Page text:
In May, the manufacturer told its customers that the recorder data did not reveal any urgent safety problems. Since 2007, however, European regulators and the Air France pilot unions had pressured airlines to upgrade the A330’s airspeed sensors. Airbus responded with a replacement programme, but AF 447 still had the old sensors. After the crash, regulators in Europe and the US made the swap-out mandatory.
Airbus and regulators have focused on hardware, but the recovered flight control recorder has drawn attention to a more troubling aspect of the crash: the pilots’ reaction to a loss of reliable data. According to William Voss, president of the Flight Safety Foundation, pilots may not be trained to transition quickly in a crisis from monitoring an automated flight to piloting a complex aircraft. “We have to get back to automation as a tool to manage the aircraft,” he says. “It should be serving us, not the other way around.”
In an integrated, automated aircraft, one sensor breakdown can rapidly lead to others. Chesley Sullenberger, who landed an Airbus A320 on the Hudson River in January 2009 after bird strikes disabled both engines, told PM before the AF 447 flight recorder was recovered that failures were easier to handle in traditional cockpits with stand-alone instruments. “If they failed, (it was) recognised as a failure and easily isolated,” he said. “Now, in these ‘high level of integration’ aircraft, there are many pieces of data that go to so many systems and so many computers. For the first time, it is possible for a single fault to have ambiguous, confusing and potentially overwhelming effects through multiple systems.”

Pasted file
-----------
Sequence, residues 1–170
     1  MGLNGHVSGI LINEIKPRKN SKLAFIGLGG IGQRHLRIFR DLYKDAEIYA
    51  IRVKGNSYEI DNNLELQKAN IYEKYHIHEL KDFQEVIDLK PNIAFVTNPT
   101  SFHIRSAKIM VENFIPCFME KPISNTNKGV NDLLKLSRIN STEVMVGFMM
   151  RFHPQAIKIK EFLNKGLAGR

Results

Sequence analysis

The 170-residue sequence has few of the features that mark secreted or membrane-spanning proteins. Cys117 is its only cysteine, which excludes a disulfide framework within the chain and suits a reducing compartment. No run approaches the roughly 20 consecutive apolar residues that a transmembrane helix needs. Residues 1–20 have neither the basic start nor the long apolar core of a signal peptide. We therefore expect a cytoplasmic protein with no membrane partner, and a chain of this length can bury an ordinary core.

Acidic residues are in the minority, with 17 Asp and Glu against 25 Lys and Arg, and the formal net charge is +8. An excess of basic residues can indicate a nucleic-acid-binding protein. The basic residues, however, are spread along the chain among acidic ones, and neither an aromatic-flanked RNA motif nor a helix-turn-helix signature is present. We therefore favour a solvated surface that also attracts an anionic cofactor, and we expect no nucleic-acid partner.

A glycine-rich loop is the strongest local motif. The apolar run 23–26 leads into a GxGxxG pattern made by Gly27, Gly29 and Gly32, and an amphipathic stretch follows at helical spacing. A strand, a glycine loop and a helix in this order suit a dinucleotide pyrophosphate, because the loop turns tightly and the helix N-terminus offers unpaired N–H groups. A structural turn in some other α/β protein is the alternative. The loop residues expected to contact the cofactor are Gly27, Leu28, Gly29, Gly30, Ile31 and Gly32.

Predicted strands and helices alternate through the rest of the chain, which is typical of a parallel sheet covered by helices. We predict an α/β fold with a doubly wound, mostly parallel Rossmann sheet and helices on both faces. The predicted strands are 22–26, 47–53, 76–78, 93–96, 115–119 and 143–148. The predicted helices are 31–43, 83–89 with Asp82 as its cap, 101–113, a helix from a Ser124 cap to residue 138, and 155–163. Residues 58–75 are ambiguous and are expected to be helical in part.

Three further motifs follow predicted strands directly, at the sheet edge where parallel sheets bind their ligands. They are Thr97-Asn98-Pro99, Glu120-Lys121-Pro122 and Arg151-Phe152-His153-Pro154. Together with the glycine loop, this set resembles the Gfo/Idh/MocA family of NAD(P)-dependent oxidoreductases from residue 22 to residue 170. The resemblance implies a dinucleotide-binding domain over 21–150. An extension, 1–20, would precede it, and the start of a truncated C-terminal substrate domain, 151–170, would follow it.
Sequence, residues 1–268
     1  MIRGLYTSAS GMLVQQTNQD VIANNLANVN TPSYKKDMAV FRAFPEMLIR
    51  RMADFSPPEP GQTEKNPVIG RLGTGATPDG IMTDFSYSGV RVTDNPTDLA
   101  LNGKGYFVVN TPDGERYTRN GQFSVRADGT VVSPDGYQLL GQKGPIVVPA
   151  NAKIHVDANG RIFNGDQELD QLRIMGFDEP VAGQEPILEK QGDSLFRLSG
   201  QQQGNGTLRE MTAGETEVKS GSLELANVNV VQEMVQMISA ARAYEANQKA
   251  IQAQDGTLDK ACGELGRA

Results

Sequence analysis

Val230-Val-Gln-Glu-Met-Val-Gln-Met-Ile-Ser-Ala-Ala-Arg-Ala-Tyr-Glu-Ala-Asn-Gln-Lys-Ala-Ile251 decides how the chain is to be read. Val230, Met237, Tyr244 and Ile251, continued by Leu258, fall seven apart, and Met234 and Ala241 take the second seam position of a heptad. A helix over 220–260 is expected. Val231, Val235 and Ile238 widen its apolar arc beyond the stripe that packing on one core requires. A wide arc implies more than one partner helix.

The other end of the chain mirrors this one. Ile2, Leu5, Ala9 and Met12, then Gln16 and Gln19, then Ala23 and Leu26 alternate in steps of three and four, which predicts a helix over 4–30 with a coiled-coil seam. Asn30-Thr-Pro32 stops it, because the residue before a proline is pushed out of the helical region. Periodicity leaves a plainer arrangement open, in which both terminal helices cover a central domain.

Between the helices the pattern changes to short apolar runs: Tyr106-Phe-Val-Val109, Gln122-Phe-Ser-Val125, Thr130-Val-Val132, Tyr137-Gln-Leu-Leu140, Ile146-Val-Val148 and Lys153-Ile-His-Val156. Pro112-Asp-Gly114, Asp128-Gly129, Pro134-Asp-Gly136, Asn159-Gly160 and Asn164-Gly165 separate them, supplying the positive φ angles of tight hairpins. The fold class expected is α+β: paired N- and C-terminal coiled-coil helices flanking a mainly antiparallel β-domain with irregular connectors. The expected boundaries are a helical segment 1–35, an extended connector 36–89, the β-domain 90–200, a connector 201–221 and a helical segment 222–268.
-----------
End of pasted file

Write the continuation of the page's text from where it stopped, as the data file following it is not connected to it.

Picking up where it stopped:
Electrical malfunctions can also disable automated cockpits. In 2008, after an electrical glitch forced a United Airlines flight to return to Newark Liberty International Airport in New Jersey, the Transportation Safety Board launched an investigation into similar incidents. The board found that, since the mid-’90s, electrical malfunctions on 49 flights darkened screens, robbing pilots of essential information. If this problem occurs at a critical moment, the results could be deadly.
Engines: Pushed to the limit
Last November, four minutes after a Qantas A380 took off from Singapore, the pilots heard a loud bang. One of the plane’s Trent 900 engines had exploded. Shrapnel punched holes in the wing, damaging spars and severing a main fuel line. When fuel began leaking, the automatic extinguishing system failed to activate, putting the plane in danger of catching on fire. The engine failure could have turned into a tragedy, but the pilots managed to turn the plane around and land safely.
A preliminary report from the Australian Transport Safety Bureau traced the neardisaster to a faulty part: a stub pipe, carrying lubricating oil to a bearing, had been machined with unequal thickness, leaving it fragile. When the pipe broke, leaking oil caught fire; this softened and elongated the metal of the spinning turbine blades, causing them to disintegrate and tear the engine apart. The board recommended manufacturing changes; Airbus says those fixes have been made.
The faster a jet engine’s turbine blades spin, the more fuel-efficient the engine becomes. In the case of a breakdown, engines are designed to eject fragments with the exhaust safely away from the fuselage and wings. But modern engines, which have parts that spin at near-supersonic speeds, risk high-energy breakdowns that can endanger the entire aircraft when a single component fails.